Recently a man in Surrey, David Martin, was renovating his fireplace when he discovered the remains of the World War II carrier pigeon and the 70-year-old message, from Sergeant W Stott, it was carrying.
Apparently the messages pigeons carried were usually written longhand but this one was in code which makes people think it was an important one. It is now being decoded by Government Communication Headquarters so they will know if it was hugely important soon enough.
I looked for a carrier pigeon article to accompany this bit of news and found many, many stories of lost birds, half-eaten birds and exhausted birds. Then I found this one and had to share it with you.
In 1900 a West Country farmer had the brilliant idea of using something to carry messages that was harder to shoot than a pigeon. Bees. Hmmm… Granted, it would be harder for the opposition to take out a carrier bee but I can think of a few problems with the idea.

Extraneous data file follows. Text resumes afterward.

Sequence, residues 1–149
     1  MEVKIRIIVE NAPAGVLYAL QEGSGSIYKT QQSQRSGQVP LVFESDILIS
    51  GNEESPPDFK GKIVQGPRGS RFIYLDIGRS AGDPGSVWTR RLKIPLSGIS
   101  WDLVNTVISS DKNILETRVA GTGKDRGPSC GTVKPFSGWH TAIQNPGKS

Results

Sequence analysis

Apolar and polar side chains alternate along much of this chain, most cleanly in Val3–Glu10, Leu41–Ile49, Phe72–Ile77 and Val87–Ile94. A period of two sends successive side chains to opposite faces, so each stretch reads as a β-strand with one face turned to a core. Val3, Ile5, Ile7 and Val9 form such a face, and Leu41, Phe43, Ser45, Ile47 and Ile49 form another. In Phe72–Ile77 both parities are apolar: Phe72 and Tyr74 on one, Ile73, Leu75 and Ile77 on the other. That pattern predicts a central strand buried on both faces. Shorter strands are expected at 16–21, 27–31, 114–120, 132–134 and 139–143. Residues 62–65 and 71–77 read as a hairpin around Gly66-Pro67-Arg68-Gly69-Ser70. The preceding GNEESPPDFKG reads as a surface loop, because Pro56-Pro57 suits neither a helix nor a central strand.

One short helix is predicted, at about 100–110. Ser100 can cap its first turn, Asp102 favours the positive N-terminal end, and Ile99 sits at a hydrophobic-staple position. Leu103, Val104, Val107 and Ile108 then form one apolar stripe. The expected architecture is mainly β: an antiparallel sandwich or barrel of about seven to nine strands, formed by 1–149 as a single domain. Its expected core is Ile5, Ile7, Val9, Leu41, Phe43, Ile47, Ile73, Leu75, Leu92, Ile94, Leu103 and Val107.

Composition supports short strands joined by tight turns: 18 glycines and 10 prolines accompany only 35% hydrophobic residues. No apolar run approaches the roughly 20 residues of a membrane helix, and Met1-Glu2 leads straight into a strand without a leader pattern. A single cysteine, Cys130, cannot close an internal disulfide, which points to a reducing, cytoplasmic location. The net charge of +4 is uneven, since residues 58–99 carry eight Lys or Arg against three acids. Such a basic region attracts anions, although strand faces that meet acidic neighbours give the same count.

Firstly, do bees taken far from their hives (as opposed to flying themselves away) actually have the ability to get home safely?
Secondly, what about the size of the message? I can imagine that the messages attached to the leg of a pigeon would be by necessity quite small, but the micro photography message that the farmer was gumming to the backs of these bees would have to be microscopic!
Thirdly, surely the bee would (assuming it made it home) zoom straight into the hive for a well-deserved rest, wouldn’t it? How on earth do they get the message back? Dismantle the hive each night and check every individual bee for glued-on messages?
I am sure that you guys can imagine other difficulties the intended recipient would have in parting the delivery bee from his message, so please share!
The only thing that would probably never happen is that one of the bees would be found still with its message intact 70 years later! 🙂